The first order of business in repairing the economy is reestablishing a stable rate of inflation, ideally a small dose just above zero. There's inherent danger in targeting higher inflation, but it's a necessary evil at the moment, and there are signs that the effort is working.
Exhibit A is the yield spread between the nominal and inflation-indexed 10-year Treasuries. The spread is considered the market's inflation forecast. Although no one should confuse this outlook with perfection, it does reflect market sentiment to a degree and it's also monitored by the folks at the Federal Reserve, among countless other statistics.
As our chart below shows, this spread continues to exhibit an upside bias, and in the current climate that's encouraging. As of last night's close, the Treasury market is forecasting a 1.3% inflation rate for the next 10 years—up from virtually zero late last year. Certainly the extreme lows of last November and December appear to be history, at least for the moment. That's heartening because it suggests that the market's modestly encouraged that deflation's threat is passing.
Insuring that deflation doesn't take root has been and remains the priority for stabilizing the economy and laying the foundation for recovery, as we've been discussing in recent months, including here and here. The good news is that progress in this battle continues to accumulate, and the above chart is but one example.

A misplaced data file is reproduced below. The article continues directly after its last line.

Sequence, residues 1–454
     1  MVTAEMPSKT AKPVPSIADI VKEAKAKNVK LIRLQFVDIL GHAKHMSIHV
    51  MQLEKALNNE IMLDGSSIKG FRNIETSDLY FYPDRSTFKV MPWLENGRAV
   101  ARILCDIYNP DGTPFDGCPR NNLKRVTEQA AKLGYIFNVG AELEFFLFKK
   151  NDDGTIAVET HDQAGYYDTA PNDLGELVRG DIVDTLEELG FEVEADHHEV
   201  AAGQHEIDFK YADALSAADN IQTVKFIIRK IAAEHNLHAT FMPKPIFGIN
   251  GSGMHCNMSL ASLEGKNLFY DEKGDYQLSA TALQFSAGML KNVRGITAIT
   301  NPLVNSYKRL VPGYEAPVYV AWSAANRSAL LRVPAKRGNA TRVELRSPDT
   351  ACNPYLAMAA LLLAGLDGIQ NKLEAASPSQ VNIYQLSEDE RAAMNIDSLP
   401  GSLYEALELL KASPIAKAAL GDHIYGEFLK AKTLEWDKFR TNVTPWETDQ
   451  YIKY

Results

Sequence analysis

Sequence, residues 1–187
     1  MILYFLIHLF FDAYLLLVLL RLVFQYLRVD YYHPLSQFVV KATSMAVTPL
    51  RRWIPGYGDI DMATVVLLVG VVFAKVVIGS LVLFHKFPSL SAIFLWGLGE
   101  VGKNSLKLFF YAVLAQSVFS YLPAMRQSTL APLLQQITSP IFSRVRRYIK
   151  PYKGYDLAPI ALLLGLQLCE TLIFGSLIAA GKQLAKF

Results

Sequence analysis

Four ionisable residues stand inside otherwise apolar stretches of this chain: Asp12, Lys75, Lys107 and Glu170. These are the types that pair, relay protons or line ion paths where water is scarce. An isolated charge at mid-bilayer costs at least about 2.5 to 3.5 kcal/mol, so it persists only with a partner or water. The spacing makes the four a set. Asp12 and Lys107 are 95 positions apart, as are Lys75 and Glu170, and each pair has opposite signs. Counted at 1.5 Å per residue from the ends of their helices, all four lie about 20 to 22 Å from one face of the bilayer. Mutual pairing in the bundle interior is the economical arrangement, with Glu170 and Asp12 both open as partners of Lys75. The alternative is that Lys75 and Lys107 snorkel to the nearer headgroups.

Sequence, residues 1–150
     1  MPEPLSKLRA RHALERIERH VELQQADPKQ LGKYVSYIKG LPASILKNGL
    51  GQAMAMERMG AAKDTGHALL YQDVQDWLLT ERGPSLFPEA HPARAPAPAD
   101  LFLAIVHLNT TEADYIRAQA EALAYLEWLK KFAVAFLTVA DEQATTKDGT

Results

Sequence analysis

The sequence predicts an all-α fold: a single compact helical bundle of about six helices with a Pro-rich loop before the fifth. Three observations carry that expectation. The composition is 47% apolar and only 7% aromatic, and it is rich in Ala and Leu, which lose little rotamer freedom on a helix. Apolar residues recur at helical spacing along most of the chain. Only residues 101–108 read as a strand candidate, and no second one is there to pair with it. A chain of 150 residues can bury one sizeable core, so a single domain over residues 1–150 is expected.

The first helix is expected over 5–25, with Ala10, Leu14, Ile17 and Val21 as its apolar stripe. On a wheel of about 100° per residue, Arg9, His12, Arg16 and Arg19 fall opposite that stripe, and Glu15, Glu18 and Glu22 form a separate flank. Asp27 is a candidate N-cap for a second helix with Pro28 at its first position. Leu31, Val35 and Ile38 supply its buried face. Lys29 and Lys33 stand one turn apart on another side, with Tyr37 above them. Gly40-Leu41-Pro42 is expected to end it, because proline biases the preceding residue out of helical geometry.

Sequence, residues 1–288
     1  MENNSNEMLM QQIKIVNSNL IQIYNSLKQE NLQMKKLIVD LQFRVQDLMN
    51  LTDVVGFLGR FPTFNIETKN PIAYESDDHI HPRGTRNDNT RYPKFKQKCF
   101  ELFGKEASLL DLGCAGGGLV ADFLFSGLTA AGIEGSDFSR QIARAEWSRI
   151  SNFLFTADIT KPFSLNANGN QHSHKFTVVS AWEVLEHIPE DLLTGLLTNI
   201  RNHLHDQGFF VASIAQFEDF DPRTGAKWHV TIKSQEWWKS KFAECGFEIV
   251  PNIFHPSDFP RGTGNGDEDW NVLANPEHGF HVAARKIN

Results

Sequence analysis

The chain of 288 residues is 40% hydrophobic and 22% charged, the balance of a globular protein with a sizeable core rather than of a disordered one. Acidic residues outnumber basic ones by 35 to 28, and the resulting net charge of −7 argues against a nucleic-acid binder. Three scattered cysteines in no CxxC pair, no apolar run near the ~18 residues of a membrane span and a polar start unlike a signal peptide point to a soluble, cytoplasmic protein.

A more general measure of the improvement in the reflationary war is suggested by today's update on new orders for durable goods, which posted a healthy seasonally adjusted rise of 3.4% last month—the first monthly rise since last July.
The jump in new orders, although not consistently positive across the board, was broad enough to suggest that the gain wasn't a statistical fluke. A few examples: new orders for machinery advanced more than 13% last month while new orders for computers and electronic products climbed nearly 6%. Excluding defense department-related items, new orders increased 3.9% in February.
No one should read too much into this report, of course, as one month could easily be statistical noise. After six months of declines, durable goods were due for a pop even if the recession roars on. Deciding if it's the start of stability vs. a pause in the ongoing contraction will take time and a fair amount of corroboration from other economic and financial measures. But one implication is that businesses are starting to react to lower prices by taking advantage of the bargains.
In other words, we can't dismiss the prospect that the massive liquidity injections engineered by the Fed and Congress are starting to work. Once there's more confidence on that front, it's time to adjust monetary policy and begin soaking up all the excess dollars floating about. Timing is always a gray area of course, but it's certainly prudent to go on heightened alert at this point.
Consider the latest news from Britain, which reported that inflation took a surprising jump higher last month. Consumer prices climbed 3.2% for the year through February, raising fresh questions about whether monetary policy in England is too loose. Alas, it's unclear if the inflation news is a sign of things to come or just a "hiccup along the way" to more falling prices generally, as one economist tells Bloomberg News. Of course, with many economists forecasting more economic weakness for Britain, the inflation report raises the specter of stagflation.
In short, there's still plenty of volatility harassing the global economy. The idea that the worst is behind us is tempting, but it's not yet convincing. Stay tuned.